In her brief in this Court, petitioner presents four questions:

"1. Is the examination of just one factor alone, specifically the concept of self-created hardship, sufficient basis to deny a critical area variance request for a legally buildable lot, thereby precluding the use of the other factors in determining whether unwarranted hardship1 exists? "2. Did the Court of Special Appeals and Anne Arundel County Board of Appeals commit reversible error by failing to examine all statutory factors in determining whether unwarranted hardship exists when denying a variance in the Chesapeake Bay Critical Area for a legally buildable lot created with Anne Arundel County approval?

"3. Was the Circuit Court correct in remanding the case to the Board of Appeals for further consideration because the Board of Appeals' administrative decision incorrectly applied the law and lacked adequate findings of fact?

"4. Did the Anne Arundel County Board of Appeals effect a `taking' of Petitioner's property without just compensation by denying Petitioner the requested variances on a legally buildable lot?"2

Because, in the first instance, we shall hold that the facts of this case do not support the intermediate appellate court's judgment or the Board's findings that the hardship in this case was self-created, we shall not resolve, although we may discuss, the other issues presented. Accordingly, we shall reverse the decision of the Court of Special Appeals, and direct it to affirm the circuit court's judgment remanding the case to the Board to reconsider the petitioner's request for variances utilizing all of the applicable requirements of the statute. The hardship or practical difficulty here, if any, arising out of the re-subdivision, was not self-created within the meaning of the local ordinance. When a property owner does that which is permitted, or required, under a zoning code, that property owner is not necessarily creating an automatic hardship for purposes of the self-created hardship standards of variance provisions.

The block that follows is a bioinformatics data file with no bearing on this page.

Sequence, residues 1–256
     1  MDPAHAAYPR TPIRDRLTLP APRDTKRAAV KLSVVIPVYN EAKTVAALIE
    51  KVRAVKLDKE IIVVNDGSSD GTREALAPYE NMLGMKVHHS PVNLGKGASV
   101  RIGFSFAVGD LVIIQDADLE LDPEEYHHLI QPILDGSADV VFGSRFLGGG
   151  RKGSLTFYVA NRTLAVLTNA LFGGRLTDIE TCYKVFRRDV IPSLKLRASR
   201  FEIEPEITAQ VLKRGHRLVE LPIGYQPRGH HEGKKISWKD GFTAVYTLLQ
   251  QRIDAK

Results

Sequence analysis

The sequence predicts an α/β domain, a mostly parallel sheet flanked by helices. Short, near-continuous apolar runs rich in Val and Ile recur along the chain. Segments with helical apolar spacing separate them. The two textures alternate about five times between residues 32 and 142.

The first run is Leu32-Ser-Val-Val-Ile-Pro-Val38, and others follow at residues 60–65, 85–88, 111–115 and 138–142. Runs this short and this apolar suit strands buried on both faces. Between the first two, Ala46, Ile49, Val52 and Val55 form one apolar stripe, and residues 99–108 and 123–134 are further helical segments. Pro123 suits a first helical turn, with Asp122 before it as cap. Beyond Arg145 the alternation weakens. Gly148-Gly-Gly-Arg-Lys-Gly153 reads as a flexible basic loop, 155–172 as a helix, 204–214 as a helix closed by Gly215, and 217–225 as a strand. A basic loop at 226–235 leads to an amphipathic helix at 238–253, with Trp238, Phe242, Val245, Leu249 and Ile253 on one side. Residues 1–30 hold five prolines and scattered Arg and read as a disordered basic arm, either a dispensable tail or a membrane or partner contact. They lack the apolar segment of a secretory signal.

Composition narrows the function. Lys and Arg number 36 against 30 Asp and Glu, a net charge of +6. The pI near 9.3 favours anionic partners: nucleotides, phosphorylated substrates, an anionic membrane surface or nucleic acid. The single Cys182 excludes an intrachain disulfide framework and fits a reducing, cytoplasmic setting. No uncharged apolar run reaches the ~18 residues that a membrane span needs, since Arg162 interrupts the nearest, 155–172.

Facts

In 1927, petitioner's predecessor in title, by recording a plat in the County land records, created a subdivision known as Plat No. 2 Pleasant Plains. At that time, as far as the record reflects, there was no subdivision ordinance existing in Anne Arundel County. At sometime prior to, and/or in 1986, Anne Arundel County passed an ordinance or ordinances which resulted in the lots in the then Pleasant Plains subdivision, becoming substandard size lots, i.e., non-conforming lots. The County, in 1986, enacted statutory provisions that the parties refer to as the Antiquated Lots Law (now codified in Article 28, Section 2-101 of the Anne Arundel County Code ("Code")). Charlene Morgan, the zoning analyst for the Anne Arundel County Department of Planning and Code Enforcement, testified before the Board as to the effect of the 1986 statutory provisions on the property here at issue: